We interrupt your regularly scheduled series for this Fun Friday post . . .
I read an article this afternoon about the proliferation of “Character Plagiarism” in modern publishing. Yes, there is a problem with story/idea plagiarism that has splashed across the news over the past several years, not the least of which are the accusations against Dan Brown for stealing the idea/story for The DaVinci Code. But that’s not what I’m referring to. What I’m talking about is people stealing characters from classic (i.e., public domain) literature and either writing “sequels” or putting the classic characters into new pieces by updating them, sending someone back in time to interact with them, or some other method of incorporating someone else’s creation into their story.
One of the most famous of these modern-day sequels is Scarlett by Alexandra Ripley, which was so poorly received that it only rated being made into a TV miniseries (in 1994) that few people will admit to actually watching. A quick trip to Amazon.com shows that Ripley, a best-selling romance novelist in her own right before publishing Scarlett, carries a 4.5 star rating on almost every single one of her titles . . . except Scarlett which is hovering around a 2.5—which, to me, indicates two things: the book wasn’t up to the standards her regular readers expect from one of her books, and fans of Gone with the Wind didn’t like her version of the continuing story of the characters.
As my dear blog readers know, Jane Austen is my favorite author. Though I love her characters, I, for the most part, have stayed away from almost all of the sequels to her novels–most especially those for Pride & Prejudice. (I also get ticked when people claim P&P is the first chick lit novel, because it’s NOT! It’s a romance—but that’s a rant for another time.) I made the mistake of picking up one that opens with a sex scene between Elizabeth and Darcy! I don’t know if Jane Austen would have been mortified at the liberties taken with her story/characters/sensibilities, but I certainly was. The only ones I’ve read that I truly enjoyed reading were Pamela Aidan’s Fitzwilliam Darcy: Gentleman trilogy, which retells the story of P&P from Darcy’s point of view. The second volume lost me a bit, as it takes place during the timeperiod when Darcy and Elizabeth are separated from each other, but the first two are excellent reads.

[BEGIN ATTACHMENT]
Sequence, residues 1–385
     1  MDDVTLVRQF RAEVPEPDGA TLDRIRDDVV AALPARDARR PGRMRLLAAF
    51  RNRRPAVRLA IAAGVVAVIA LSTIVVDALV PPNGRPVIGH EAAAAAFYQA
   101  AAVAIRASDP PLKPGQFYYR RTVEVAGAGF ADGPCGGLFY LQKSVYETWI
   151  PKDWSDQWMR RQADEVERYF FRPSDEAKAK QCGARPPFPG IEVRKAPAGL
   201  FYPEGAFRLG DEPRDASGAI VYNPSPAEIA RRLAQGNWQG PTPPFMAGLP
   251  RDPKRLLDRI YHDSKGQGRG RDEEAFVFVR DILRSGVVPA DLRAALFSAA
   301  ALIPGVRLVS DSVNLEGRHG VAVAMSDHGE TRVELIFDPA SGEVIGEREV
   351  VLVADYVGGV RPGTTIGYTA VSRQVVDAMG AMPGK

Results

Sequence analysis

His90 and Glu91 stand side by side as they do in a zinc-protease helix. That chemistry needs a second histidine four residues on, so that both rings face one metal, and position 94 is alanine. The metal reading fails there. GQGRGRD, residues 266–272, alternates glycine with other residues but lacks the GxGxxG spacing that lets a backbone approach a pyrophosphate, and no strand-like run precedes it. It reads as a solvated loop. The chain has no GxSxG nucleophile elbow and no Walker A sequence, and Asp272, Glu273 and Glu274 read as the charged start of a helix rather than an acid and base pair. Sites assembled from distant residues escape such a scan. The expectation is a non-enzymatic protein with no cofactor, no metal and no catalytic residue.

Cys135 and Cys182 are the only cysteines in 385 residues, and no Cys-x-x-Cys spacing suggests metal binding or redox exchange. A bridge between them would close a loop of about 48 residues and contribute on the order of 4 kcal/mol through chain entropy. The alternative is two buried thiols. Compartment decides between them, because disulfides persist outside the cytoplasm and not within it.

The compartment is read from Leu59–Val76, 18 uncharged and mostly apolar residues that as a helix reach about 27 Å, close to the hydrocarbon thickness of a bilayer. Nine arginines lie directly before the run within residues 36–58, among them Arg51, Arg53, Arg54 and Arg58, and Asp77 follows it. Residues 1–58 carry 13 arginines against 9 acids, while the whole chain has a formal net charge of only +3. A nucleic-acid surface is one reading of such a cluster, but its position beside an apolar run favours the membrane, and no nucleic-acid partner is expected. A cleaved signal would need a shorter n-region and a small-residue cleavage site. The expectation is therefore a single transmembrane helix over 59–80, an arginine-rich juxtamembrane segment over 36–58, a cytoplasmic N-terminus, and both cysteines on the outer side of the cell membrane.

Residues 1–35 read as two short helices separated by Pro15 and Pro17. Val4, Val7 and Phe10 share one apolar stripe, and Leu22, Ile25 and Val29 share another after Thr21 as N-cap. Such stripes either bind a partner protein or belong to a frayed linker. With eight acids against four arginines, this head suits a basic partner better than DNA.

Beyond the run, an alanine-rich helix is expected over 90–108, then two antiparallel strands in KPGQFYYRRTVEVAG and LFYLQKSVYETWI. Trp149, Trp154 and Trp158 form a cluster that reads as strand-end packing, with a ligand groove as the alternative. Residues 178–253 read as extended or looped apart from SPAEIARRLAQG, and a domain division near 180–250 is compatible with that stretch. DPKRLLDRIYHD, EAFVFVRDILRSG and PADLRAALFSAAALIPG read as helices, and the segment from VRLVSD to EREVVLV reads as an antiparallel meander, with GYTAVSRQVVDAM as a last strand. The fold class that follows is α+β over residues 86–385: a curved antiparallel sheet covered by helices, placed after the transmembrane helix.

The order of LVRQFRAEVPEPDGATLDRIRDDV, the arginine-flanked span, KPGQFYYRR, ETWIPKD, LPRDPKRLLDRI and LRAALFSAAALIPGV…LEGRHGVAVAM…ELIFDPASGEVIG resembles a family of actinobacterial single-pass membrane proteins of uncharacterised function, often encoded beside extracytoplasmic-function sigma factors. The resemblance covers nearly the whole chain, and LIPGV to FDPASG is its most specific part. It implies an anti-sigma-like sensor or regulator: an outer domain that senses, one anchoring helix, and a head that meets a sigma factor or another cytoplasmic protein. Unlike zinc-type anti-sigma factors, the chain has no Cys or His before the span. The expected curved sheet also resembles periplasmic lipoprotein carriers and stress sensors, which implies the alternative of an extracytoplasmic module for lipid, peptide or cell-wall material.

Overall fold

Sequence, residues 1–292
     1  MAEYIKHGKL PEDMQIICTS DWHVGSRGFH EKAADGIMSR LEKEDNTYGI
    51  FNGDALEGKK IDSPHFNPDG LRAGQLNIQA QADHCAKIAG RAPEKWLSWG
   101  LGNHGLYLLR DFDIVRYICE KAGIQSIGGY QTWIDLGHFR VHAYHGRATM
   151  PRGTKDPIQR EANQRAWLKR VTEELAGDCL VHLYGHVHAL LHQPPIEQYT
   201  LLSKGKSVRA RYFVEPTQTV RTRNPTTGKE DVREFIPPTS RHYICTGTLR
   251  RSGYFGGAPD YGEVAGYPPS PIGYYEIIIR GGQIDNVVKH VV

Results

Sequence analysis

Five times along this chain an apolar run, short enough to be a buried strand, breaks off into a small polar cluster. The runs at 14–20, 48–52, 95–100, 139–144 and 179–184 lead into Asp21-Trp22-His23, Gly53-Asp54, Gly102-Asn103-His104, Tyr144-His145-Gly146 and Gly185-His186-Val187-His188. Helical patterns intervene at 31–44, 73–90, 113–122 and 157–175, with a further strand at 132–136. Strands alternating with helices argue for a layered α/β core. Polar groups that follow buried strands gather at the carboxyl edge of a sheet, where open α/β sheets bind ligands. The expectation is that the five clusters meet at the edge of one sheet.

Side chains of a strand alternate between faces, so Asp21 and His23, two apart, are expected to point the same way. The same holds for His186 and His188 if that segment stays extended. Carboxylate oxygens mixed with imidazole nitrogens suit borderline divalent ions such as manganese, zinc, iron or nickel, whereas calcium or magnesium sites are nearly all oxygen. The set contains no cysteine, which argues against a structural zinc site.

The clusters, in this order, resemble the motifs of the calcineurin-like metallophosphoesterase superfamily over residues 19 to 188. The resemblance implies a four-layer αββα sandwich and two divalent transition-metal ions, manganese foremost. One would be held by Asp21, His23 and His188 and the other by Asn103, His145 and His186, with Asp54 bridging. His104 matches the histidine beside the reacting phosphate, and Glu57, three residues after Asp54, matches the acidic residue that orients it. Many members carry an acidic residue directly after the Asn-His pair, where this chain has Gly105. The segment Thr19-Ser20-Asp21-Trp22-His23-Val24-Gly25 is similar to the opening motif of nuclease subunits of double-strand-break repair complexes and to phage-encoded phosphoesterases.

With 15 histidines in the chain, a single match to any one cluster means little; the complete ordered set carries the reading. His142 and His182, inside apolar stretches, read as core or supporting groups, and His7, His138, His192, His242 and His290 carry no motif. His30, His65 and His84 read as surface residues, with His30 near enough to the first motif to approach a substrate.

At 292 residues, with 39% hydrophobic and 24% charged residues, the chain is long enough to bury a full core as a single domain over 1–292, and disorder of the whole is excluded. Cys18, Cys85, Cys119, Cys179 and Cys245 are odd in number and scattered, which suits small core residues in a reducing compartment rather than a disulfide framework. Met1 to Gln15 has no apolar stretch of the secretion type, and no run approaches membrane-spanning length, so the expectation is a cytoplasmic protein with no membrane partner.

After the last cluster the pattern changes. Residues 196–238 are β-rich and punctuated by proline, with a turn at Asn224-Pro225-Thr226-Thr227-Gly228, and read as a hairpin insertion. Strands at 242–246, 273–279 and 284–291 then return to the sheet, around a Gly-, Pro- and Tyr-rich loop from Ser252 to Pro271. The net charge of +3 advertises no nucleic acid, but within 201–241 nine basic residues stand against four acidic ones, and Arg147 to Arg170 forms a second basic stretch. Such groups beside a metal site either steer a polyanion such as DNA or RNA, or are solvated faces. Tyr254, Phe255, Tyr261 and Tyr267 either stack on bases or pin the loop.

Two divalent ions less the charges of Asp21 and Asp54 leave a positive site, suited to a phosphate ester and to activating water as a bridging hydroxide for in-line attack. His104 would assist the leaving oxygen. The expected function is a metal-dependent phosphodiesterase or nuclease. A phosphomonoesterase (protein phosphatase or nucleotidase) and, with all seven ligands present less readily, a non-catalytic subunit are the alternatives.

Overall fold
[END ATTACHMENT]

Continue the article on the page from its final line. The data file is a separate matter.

The truth behind the madness is, these books sell—and sell well, or else the publishers would not continue publishing them. But it does worry me a little that the book industry is taking too much of a lead from the film industry where, in the past ten years, we have seen a shift from studios wanting to produce new stories—stories that have never before been told—to rehashing the same characters (Spiderman, Superman), the same stories (did you know Oliver Twist has been put on film 23 times?), multiple sequels–even when they can’t get the same actors back in the original roles (the “franchise” films like American Pie, Revenge of the Nerds, Police Academy, Scream, etc.), and making old TV shows into movies (Scooby-Do, The Beverly Hillbillies, The Brady Bunch, X-Files: The Movie, Starsky & Hutch, The Dukes of Hazzard). Again, the film studios wouldn’t produce most of these if they weren’t convinced the box-office returns would be there. And on Monday, we’ll see if Spiderman 3 pulls in the $100 million they’re hoping for. (I’m sure it will.)
On the other side of the argument, this proliferation in Character Stealing can be seen in its purest form in Fan Fiction all over the web, which is really how this trend got started. The reason authors write sequels to these books—at least those who began the craze—is because they were fans of the work. They loved the characters. They loved the story. They thought their idea for “what happens next” would be something others would be interested in reading. Others read it and gave them really positive feedback on it, so they submitted it to a publishing house. The acquisitions editor really liked it, decided to send it to the ed. board. The board loved it, decided to buy it and—bam—fan fic becomes published novel. Yes, I have written fan fic. No, I don’t intend to try to get it published.
But whether it’s stealing or a tribute (that might have the author spinning in his or her grave), whether we—the fans of that particular story—love it or hate it, it seems like it’s here to stay. I just hope all writers don’t forget how to create our own unique characters, plots, settings, and storylines in the rush to jump on the Sequel-to-a-Classic bandwagon.
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